Over the course of five years, a total of 11 shoes washed up on the shore, most with feet in them. In February of 2012, the case was finally cracked. The solution to this conundrum does not involve any huge accident, nor any Tsunami dragging feet along for millions of miles away, and thankfully it doesn’t involve an electric saw psychopath either.

The simple answer is that the feet belong to people that committed suicide jumping into the waters nearby the area. Those that could be identified were linked to depressed individuals who had been reported as missing. There was no sign whatsoever that the limbs had been separated with the use of any tool. On the contrary, those extremities detached as part of the natural body decay process and the most recent foot found was still connected to the leg bones.

But why were all of them wearing sneakers? It cannot be just by accident, and indeed it wasn’t. The truth is, sneakers are designed to be light, and so they usually float in water. The suicide victims who wear heavier shoes end up having their feet sunk to the bottom of the waters, despite being separated from the rest of the body. On the other hand, the ones who were wearing sneakers had their feet floating for a while until some of them reached the coast. The one to blame for picking the feet in sneakers is not a psychopath; it is the natural water buoyancy.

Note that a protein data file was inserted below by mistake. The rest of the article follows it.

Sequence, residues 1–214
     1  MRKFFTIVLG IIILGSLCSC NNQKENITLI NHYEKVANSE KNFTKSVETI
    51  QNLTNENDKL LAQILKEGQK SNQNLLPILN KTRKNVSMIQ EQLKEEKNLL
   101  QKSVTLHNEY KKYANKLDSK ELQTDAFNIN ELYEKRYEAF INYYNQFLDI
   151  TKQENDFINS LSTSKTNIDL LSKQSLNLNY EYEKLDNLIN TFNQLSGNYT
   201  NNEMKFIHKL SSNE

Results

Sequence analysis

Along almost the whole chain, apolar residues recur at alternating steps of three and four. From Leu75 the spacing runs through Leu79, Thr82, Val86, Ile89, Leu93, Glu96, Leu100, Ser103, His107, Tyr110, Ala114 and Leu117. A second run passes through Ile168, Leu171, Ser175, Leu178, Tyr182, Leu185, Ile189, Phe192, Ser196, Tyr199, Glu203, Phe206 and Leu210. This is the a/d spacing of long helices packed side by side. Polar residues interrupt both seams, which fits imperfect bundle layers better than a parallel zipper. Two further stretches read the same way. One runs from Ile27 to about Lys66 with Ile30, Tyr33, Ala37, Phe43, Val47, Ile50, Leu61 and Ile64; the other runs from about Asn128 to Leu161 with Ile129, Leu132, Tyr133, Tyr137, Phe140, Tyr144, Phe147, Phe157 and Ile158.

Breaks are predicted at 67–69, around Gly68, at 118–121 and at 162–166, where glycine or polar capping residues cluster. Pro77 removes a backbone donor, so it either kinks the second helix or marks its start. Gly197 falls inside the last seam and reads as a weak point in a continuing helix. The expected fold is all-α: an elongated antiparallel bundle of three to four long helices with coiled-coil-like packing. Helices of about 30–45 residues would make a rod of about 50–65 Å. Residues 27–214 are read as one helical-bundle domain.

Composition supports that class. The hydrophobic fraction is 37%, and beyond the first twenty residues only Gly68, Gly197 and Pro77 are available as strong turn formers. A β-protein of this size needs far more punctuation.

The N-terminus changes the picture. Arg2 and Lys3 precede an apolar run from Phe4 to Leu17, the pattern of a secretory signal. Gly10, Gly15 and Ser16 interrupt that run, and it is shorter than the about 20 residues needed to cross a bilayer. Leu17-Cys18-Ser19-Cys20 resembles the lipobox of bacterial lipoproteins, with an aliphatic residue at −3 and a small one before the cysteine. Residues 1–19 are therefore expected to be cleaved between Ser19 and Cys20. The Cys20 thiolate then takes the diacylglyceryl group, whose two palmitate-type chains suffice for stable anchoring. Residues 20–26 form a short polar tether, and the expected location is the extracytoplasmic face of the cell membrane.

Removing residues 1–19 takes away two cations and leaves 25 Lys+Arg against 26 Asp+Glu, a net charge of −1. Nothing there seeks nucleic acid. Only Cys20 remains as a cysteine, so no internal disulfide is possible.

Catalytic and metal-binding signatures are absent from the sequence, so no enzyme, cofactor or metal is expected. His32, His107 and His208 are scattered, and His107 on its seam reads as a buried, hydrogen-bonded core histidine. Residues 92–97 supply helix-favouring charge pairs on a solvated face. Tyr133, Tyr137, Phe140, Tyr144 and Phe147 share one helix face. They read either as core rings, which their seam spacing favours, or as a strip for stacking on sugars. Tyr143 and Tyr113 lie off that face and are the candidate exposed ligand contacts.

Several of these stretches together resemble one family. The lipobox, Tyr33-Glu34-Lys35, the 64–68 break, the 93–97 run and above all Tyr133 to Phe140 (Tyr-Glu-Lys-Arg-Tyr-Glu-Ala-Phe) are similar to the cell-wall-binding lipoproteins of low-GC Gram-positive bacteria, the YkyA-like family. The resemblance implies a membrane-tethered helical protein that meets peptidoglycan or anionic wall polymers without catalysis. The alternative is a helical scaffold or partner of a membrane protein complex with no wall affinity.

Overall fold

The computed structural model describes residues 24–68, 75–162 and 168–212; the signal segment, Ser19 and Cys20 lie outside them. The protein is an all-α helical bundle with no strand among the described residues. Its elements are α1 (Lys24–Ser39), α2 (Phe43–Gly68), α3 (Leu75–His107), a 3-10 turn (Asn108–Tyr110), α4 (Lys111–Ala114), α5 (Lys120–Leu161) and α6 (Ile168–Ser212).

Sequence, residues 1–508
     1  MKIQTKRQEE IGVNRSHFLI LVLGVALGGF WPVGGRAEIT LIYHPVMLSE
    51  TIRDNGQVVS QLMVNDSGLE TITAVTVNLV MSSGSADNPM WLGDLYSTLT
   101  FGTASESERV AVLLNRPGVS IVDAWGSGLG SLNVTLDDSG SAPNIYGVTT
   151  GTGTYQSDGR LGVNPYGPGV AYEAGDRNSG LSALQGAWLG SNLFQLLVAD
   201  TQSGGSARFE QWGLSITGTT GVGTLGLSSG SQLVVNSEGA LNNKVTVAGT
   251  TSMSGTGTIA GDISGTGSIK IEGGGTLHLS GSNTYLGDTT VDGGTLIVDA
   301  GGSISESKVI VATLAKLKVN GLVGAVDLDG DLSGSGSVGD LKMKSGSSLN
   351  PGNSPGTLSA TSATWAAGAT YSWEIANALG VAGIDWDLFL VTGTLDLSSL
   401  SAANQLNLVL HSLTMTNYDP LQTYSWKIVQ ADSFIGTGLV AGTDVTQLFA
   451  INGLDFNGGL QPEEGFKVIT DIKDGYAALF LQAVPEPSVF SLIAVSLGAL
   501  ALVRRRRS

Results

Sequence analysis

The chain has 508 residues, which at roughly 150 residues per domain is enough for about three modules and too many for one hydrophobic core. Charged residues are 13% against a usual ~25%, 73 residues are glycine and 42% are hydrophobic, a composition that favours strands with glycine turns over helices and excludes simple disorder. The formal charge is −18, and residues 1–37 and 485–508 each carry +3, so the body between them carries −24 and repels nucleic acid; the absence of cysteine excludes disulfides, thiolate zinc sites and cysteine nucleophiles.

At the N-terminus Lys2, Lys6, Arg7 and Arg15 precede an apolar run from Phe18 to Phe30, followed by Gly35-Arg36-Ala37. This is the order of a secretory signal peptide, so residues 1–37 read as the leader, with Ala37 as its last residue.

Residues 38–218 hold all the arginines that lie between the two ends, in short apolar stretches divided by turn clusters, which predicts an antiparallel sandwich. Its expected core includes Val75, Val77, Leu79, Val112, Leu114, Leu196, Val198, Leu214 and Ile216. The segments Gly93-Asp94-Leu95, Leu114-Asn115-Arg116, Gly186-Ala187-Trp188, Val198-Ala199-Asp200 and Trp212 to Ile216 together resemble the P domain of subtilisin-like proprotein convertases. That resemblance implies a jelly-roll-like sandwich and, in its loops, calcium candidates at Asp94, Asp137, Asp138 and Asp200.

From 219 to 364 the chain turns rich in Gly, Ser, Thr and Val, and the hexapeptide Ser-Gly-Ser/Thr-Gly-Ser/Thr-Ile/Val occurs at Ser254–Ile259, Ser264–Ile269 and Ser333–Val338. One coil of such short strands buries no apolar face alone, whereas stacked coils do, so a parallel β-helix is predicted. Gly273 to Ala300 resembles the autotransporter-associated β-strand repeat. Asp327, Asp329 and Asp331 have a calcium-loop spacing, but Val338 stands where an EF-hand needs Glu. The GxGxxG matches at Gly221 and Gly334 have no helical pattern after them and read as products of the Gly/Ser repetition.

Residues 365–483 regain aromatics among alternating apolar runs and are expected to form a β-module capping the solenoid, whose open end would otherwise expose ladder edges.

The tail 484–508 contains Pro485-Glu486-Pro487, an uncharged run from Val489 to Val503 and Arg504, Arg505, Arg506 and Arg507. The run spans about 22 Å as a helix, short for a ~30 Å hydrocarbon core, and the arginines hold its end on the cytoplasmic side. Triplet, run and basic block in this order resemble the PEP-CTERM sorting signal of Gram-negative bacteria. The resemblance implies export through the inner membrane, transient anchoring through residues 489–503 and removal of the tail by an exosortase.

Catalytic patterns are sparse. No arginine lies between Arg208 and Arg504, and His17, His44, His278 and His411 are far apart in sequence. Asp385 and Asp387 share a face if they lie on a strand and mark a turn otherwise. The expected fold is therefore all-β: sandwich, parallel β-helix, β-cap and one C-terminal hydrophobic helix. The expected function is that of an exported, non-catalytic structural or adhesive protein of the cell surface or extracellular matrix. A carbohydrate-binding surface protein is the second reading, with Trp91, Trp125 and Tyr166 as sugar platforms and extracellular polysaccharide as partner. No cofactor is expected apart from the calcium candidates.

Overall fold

British Columbia could finally rest easy knowing that the only serial killer on the loose was Mother Nature. As to why the shoes were the only things that made it back to shore? Well, that’s still a mystery. Either way, it is the strangest forensics case the area has ever seen.

What makes this phenomenon even more interesting? Feet have been showing up all over the world — Spain, California, the U.K. and New Zealand. The term has since been given the name “The Nike Phenomenon.”

This article was first published online by ForensicScienceDegree.org on 12 August 2014.

SA forensics: A bloody mess?

August 15th, 2014

The following article by Rebecca Davis was first published by the Daily Maverick on 14 August 2014.